The Goodly Doctor Walker – All in a day’s work

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“Easy girl …let me see,” Vic Walker murmurs, gently prying the jaws of his canine patient and leaning close to inspect teeth, then peering into the back of her throat. He examines paws, feels along flanks and belly. For Walker, it’s an everyday veterinary moment—except the formidable jaws he’s spreading and the powerful musculature he’s probing belong to an adult wolf. Sure, Walker knows Isis well—for all but the first four weeks of her five-year life. But no matter that she’s captive-born, remarkably bonded to Walker and seemingly tame at this moment; a wolf is definitely not a domestic dog. Wolves are far more independent and complex, hard-wired to a feral consciousness that doesn’t tend to accept human dominion. Yet there are plenty of family pooches that are far less willing patients than Isis. Walker’s being paid a compliment of the highest order—one that he’s earned and doesn’t take lightly.

If all this seems like a scene from the latest veterinary reality show, you’re half right. “Dr. Oakley, Yukon Vet,” has filmed a couple of segments of the hit series at this same location: the Kroschel Wildlife Park, in the boonies off the Haines Highway in Southeast Alaska. Doctoring wildlife isn’t an everyday opportunity, and it’s great for the ratings. Not that Dr. Oakley isn’t a legit veterinarian doing real work. But she shows up for the same reason park owner Steve Kroschel welcomes her: It’s show biz, part of his tourist- and- professional-filming-fueled business.

Vic Walker, Alaska veterinarian, isn’t worried about camera angles or banter; he’s just working. As the park’s supervising vet, he provides oversight required at both the federal and state level. When he makes his rounds, his entourage might consist of Kroschel’s longtime assistant, Rocky. Walker’s responsible for monitoring the well-being of dozens of creatures: mink, moose, wolves, fox, porcupines and more. Need your reindeer’s hernia repaired, a pine marten screened for parasites or a wolverine’s tracking collar removed? Walker’s your guy—he’s been there and done that.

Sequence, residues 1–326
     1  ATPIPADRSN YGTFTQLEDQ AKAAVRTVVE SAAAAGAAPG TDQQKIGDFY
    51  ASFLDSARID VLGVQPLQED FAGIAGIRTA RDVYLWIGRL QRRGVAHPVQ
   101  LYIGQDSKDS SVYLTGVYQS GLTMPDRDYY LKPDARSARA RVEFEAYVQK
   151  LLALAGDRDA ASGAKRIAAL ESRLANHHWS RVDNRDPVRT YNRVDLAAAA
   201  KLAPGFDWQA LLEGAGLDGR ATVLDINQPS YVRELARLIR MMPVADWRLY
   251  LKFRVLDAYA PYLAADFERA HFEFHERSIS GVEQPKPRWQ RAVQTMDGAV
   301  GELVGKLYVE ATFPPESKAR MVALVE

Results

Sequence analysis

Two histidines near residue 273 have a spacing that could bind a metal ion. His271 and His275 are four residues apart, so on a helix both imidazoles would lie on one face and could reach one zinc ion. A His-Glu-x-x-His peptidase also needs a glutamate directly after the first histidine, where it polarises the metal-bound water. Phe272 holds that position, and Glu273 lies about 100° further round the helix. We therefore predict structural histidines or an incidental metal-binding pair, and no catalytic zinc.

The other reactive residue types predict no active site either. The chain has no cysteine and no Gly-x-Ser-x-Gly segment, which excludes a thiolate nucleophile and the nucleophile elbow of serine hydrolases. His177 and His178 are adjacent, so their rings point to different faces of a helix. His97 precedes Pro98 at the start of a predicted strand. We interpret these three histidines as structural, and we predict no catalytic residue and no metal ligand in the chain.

Riding herd on the Kroschel Wildlife Park is hardly a full-time gig for Walker. Most days, he’s an ordinary pet veterinarian in Juneau who spends most of his professional time treating the usual domestic canine and feline issues, with a parrot or guinea pig thrown in every so often. But he’d always held an abiding passion for wildlife. Years ago, he leaned toward becoming a zoologist before deciding on veterinary school. No surprise he ended up in Alaska, drawn by all it had to offer. Walker was one of the Juneauites who took a special interest in Romeo, the sociable black wolf who for years hung out by the Mendenhall Glacier, and struck up ( for lack of an alternate word) an interspecies friendship. That only whetted Walker’s appetite for more. So, when Walker got an out-of-the-blue call from Kroschel six years ago, asking if he was interested in fulfilling the formal obligations as supervising veterinarian for Kroschel’s wildlife park, he didn’t hesitate. “It was a pretty easy decision,” Walker says. “A once in a lifetime opportunity.”

Once every two or three months, Walker gears up, throws a sleeping bag, grub box and change of clothes in his SUV, and drives onto the state ferry for the 80-mile trip up Lynn Canal to Haines, population 1,200 or so. It’s 30 miles more to the Kroschel Wildlife Center, in the mountain- framed upper Chilkat Valley. While you might envision a variety of Dr. Doolittle moments as he makes his rounds—and he surely has those—most of his duties involve routine observation and monitoring. For example, he’ll spend hours gathering and labeling poop samples, and generally noting the condition of the animals and their habitats over the sprawling, hilly acreage of the park.

“Usually, there’s not much for me to do,” says Walker, with typical understatement. “The animals are really well cared for and healthy.” If he thinks an animal needs care or habitat adjustment, though, he isn’t shy, and his visits are four times more frequent than required. Like Kroschel, he has the animals’ best interests at heart. The goodly Doctor Walker, I’ve heard Kroschel call him. And he’s right.